In order to begin our journey, we must first set the record straight about some misconceptions. Paintball receives much critique in two areas: safety and environmental impact. These are two very hot topics which I wish to address and inform you as many comments about them are grossly ignorant, and plain wrong. In terms of safety, paintball gets straight A’s, beating out all contact sports and all adrenalin sports with its outstanding safety record as insurance statistics show bellow.

While the news media helps to drive the perception that paintball is a ‘dangerous’ activity, those of us who play the sport know differently and the statistics show. In fact the down basic rules of paintball are: a) Keep your goggles on b) Use a barrel sock when ever you are not on the field. The mask protects your eyes, ears, face and neck from the direct impact of a paintball. The barrel sock goes over the barrel of a paintball marker (gun) whenever its not in use and unlike a real bullet, this bag will catch any accidental ball that would be fired.

In returning to the question of environmental impact, is the misconception that paintballs contain real paint, and they they damage the environment and are a risk to wildlife. Whilst all paintballs are controlled for the FCC and they’re contents/ingredients are publicly available, including MSDS data sheets, many still believe this to be true. Paintballs are made with pharmaceutical grade materials including gelatin and colorings, designed to be water soluble and biodegradable.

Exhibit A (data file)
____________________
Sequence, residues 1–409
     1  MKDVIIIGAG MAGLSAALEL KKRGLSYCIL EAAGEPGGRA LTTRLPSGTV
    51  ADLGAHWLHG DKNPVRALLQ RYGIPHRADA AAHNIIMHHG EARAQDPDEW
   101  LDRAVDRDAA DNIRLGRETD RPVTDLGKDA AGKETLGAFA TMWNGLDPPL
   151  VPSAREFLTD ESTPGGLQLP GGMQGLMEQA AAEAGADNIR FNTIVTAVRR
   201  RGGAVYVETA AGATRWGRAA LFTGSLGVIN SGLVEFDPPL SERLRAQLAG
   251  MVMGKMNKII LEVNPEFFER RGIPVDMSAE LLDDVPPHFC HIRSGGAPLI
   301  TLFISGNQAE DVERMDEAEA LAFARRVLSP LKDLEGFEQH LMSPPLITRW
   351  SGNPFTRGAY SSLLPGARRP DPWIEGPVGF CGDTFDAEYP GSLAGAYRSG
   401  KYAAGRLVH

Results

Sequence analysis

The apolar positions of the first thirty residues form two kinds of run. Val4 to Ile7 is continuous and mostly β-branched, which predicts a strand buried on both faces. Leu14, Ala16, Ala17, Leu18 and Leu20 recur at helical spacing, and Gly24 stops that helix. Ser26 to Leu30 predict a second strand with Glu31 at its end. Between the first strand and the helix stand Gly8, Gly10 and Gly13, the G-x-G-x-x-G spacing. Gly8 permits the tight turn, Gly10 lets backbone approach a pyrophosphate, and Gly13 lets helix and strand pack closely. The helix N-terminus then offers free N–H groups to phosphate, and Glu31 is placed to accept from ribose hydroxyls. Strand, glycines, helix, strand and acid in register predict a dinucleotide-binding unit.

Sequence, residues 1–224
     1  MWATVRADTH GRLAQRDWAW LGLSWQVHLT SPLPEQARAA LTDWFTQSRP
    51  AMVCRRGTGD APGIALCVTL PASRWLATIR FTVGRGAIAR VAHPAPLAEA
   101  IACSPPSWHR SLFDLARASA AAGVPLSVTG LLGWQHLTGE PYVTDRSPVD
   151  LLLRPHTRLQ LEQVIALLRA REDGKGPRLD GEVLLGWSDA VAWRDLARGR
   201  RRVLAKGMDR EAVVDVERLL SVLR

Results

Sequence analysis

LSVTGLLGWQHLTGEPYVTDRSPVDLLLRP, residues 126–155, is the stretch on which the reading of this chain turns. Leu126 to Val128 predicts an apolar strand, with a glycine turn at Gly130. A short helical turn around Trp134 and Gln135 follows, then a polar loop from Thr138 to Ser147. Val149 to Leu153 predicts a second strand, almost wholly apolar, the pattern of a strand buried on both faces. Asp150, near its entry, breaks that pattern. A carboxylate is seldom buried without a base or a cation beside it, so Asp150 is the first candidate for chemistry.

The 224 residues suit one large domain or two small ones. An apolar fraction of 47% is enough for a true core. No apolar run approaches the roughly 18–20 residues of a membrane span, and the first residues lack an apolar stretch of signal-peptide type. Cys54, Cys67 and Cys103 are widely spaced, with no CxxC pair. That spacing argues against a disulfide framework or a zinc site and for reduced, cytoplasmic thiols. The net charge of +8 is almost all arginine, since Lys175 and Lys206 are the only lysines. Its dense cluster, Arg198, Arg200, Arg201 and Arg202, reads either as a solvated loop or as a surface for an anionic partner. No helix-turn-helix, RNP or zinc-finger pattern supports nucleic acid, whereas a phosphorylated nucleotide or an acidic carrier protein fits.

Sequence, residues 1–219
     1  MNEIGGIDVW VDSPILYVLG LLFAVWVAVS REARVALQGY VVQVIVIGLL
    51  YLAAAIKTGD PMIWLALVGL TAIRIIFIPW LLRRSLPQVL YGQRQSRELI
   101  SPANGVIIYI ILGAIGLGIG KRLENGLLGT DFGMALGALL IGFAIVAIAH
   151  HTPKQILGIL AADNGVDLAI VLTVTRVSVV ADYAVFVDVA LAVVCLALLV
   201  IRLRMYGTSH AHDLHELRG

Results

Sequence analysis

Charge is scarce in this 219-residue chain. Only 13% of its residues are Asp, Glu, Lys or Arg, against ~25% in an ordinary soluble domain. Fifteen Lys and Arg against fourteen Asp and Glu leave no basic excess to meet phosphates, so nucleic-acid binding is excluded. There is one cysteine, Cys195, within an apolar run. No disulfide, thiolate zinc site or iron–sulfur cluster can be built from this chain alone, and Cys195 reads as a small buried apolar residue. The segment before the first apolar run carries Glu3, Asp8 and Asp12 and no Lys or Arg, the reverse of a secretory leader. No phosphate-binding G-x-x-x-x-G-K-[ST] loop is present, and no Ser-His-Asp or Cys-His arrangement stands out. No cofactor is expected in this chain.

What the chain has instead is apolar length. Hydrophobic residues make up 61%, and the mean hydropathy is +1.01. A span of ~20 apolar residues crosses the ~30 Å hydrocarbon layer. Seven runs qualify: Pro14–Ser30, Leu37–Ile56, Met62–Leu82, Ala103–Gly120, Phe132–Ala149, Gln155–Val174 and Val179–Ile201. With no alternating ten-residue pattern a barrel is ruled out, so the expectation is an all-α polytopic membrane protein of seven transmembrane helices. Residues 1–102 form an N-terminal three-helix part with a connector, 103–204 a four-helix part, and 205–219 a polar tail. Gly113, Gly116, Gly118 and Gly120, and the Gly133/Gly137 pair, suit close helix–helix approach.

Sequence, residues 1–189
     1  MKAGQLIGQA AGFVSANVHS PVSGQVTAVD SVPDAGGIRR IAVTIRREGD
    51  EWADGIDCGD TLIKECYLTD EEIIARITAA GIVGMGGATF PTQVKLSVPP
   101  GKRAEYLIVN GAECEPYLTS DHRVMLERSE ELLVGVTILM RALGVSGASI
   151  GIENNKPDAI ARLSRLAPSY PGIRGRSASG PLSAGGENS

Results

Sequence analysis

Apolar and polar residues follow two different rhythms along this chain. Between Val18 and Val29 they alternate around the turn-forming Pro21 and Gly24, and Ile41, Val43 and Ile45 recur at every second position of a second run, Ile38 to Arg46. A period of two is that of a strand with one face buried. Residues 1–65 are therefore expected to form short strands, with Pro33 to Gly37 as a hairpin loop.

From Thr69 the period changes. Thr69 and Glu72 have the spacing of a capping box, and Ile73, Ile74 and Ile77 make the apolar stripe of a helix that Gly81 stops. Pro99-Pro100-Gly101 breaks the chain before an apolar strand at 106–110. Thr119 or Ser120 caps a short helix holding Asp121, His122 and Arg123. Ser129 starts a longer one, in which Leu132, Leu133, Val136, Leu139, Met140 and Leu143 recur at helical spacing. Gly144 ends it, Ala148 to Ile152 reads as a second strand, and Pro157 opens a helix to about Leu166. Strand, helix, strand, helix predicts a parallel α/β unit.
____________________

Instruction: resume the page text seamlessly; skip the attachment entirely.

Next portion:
Some lesser grade paintballs are manufactured in China, where less stringent guidelines may be observed. These balls are easily avoidable as they’re quality is inferior than those made locally and would never be used by any reputable paintball field. The first paintball encapsulation company was ProCaps Paintball, located in Montreal, Canada.

Examples of these Material Safety Data Sheets can be found here and here.

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Now that we have those two big topics checked off, I can return back to the original question, What is Paintball? Paintball can generally be divided up into two types of play based on the playing surface the game is on, wither woodsball (played in the woods) or airball (played on a turf/lawn field with air inflated obstacles).